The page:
Perpetrators will use a range of actions in order to control their victim.
  • Who can experience domestic abuse?

    Although it is undeniable that men can be and are victims of domestic abuse too, evidence from a range of sources including police records, crime statistics and research from a range of domestic abuse organisations shows that women are disproportionately in the position of victim.

    We assert that domestic abuse is a gendered crime and is perpetuated by women’s unequal position in society.

  • Does domestic abuse affect children?

    Domestic abuse unfortunately does affect children; just because they are not directly targeted by the perpetrator does not mean they are not impacted by what is happening at home. In fact, domestic abuse is the most frequently reported form of trauma that children experience, and it is estimated that 1 in 7 children witness domestic abuse at home in the UK.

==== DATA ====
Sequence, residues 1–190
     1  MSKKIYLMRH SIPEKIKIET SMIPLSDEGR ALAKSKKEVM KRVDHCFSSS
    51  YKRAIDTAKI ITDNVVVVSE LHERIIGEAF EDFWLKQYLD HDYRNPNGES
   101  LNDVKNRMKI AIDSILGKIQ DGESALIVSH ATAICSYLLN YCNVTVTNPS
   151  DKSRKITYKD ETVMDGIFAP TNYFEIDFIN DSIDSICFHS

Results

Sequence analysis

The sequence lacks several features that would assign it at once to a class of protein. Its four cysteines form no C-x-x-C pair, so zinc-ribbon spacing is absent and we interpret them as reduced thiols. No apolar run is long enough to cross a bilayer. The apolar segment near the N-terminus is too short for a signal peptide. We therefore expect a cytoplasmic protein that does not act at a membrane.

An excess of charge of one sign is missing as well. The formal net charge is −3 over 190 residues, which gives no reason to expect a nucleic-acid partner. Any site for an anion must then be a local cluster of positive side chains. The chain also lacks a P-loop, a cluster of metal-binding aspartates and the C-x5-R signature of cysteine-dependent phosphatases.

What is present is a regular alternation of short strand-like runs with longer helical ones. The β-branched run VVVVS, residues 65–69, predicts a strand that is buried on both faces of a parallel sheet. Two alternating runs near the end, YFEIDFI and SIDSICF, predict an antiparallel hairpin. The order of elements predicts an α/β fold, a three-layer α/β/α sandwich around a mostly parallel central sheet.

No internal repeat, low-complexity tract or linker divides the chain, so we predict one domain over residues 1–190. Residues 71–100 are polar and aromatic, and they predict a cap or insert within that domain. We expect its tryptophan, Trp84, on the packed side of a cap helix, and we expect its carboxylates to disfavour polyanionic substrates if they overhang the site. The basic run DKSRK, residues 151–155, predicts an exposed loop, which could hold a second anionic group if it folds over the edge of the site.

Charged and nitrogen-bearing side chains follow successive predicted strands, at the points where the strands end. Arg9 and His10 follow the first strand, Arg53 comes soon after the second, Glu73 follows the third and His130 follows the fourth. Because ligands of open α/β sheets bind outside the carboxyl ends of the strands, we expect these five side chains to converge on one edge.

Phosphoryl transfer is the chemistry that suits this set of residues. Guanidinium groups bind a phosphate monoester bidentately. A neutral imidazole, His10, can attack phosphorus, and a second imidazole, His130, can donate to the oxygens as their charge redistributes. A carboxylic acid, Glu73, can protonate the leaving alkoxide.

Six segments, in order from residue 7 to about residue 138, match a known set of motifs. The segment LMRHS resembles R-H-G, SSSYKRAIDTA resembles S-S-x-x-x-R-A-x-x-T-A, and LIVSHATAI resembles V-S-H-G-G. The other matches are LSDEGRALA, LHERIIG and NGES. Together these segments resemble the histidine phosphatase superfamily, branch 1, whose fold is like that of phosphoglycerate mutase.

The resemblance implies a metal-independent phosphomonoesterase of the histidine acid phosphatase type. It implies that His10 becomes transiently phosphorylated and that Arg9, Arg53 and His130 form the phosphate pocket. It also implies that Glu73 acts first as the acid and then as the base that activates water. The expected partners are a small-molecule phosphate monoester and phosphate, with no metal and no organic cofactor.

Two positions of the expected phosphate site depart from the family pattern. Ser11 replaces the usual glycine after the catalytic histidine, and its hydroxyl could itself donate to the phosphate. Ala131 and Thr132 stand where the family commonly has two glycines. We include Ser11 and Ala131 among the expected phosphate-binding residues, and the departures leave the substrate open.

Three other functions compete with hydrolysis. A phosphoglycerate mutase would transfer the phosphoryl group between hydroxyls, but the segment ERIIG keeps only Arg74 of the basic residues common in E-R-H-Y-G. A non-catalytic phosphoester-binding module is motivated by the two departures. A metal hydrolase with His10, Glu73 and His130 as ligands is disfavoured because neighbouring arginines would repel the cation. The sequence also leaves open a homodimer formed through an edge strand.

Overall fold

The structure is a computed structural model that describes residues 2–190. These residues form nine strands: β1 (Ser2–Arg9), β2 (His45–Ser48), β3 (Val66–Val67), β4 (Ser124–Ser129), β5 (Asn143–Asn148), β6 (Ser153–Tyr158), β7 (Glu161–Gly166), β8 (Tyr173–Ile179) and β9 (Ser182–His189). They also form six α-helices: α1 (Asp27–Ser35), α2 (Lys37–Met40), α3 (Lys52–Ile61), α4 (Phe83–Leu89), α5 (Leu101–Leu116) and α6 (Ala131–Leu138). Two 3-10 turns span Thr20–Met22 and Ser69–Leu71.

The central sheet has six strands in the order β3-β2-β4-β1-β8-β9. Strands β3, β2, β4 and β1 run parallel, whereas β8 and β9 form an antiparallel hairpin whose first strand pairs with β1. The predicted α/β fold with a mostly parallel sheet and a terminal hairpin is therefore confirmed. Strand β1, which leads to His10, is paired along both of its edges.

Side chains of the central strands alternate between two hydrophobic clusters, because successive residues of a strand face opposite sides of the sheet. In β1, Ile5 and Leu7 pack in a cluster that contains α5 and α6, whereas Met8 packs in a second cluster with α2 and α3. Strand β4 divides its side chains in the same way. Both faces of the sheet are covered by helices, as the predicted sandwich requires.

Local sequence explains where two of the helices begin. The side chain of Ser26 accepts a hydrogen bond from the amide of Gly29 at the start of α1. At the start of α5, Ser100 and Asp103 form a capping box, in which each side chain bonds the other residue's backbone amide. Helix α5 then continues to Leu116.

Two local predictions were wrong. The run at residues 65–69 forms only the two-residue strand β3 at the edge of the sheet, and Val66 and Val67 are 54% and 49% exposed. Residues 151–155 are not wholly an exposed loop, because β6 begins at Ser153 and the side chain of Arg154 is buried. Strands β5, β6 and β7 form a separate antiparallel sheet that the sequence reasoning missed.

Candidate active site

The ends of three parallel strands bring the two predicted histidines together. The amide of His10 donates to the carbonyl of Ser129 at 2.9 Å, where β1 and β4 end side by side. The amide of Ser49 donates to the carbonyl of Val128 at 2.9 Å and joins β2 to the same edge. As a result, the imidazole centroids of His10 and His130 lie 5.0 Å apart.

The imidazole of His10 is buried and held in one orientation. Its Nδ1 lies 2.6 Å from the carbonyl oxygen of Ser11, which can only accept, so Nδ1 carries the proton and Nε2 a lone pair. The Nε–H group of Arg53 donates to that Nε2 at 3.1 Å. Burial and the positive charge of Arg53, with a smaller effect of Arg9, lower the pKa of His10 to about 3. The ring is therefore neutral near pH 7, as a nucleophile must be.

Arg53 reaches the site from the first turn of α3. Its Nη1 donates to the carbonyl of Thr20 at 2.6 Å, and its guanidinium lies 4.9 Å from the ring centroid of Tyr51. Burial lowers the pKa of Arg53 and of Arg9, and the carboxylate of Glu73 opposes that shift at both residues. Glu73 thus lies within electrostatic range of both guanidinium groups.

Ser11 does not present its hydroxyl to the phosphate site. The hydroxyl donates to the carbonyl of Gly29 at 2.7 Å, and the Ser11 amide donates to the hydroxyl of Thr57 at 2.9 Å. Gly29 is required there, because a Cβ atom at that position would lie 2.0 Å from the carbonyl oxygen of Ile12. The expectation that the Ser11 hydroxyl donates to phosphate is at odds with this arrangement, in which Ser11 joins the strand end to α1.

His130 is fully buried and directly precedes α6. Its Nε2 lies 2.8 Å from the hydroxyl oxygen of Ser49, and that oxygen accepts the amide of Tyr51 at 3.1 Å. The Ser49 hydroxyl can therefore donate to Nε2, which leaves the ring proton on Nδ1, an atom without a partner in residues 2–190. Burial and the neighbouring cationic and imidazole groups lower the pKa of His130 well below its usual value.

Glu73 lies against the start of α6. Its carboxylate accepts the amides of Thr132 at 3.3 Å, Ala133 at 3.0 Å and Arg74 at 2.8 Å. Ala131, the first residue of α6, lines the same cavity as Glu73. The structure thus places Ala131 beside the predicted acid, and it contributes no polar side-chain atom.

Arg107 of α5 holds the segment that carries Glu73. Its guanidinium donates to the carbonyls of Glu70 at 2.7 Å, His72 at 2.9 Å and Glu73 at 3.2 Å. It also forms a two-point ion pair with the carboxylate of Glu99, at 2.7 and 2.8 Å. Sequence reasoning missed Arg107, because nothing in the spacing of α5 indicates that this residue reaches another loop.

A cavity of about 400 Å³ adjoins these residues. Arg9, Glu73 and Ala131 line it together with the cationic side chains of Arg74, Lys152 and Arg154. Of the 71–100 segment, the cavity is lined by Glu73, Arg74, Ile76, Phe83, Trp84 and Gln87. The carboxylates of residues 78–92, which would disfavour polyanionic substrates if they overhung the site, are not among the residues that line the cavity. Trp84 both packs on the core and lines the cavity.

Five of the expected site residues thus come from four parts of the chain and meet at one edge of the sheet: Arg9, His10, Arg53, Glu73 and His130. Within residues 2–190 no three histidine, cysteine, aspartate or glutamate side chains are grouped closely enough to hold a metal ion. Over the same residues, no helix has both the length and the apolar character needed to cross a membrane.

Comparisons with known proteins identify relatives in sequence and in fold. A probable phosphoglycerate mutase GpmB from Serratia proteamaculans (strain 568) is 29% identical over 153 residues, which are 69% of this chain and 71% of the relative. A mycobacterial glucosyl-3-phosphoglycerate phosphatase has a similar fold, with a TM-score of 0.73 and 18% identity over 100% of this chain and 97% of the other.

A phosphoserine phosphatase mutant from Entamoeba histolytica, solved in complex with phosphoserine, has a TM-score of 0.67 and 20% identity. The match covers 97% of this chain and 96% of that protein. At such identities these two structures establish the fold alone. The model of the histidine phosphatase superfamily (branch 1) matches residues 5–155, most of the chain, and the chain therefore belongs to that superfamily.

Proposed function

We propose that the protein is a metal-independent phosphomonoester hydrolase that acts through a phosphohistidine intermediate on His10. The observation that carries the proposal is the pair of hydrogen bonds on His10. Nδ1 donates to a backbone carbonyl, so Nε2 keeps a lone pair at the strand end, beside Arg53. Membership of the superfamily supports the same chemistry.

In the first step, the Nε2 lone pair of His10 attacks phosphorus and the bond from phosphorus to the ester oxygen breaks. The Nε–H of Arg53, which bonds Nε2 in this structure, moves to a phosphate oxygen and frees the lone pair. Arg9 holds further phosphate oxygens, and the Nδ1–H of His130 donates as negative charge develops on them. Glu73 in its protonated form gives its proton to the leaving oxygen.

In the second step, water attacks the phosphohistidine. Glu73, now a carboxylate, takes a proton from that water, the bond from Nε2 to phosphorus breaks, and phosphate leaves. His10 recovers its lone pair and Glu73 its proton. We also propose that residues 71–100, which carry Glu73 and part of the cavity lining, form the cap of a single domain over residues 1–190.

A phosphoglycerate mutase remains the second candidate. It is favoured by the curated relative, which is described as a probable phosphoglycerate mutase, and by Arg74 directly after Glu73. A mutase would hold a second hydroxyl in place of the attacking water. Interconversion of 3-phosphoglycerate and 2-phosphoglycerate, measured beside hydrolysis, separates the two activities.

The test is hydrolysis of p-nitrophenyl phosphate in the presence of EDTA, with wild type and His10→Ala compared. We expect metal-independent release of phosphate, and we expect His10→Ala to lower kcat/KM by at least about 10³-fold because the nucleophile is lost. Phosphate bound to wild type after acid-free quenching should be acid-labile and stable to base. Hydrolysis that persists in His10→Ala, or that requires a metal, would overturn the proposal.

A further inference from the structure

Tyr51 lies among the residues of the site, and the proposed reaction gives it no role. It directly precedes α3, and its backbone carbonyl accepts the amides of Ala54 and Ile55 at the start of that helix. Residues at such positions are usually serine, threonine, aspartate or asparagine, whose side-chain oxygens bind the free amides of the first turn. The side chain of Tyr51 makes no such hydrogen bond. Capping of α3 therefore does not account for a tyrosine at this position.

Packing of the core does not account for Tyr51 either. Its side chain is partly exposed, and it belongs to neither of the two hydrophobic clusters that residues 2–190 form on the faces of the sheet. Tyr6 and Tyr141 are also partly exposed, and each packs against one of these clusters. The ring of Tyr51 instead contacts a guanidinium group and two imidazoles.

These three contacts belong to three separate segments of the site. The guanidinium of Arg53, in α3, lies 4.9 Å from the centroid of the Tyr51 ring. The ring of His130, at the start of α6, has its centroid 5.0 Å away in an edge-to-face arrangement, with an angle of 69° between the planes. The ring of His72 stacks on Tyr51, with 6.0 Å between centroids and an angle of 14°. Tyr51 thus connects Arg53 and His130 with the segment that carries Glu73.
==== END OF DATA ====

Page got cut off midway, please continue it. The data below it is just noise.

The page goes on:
For a child, living in a home where domestic abuse is taking place increases the risk of disrupted social development. It can affect how they interact with friends, with teachers and affect their school life in terms of academic achievement too.

    We have seen many examples of perpetrators using children as a means of further abusing their partner. For example, the abuser might tell the children that their mother is a bad mother, is “crazy” or can’t look after them properly in order to manipulate and control the mother.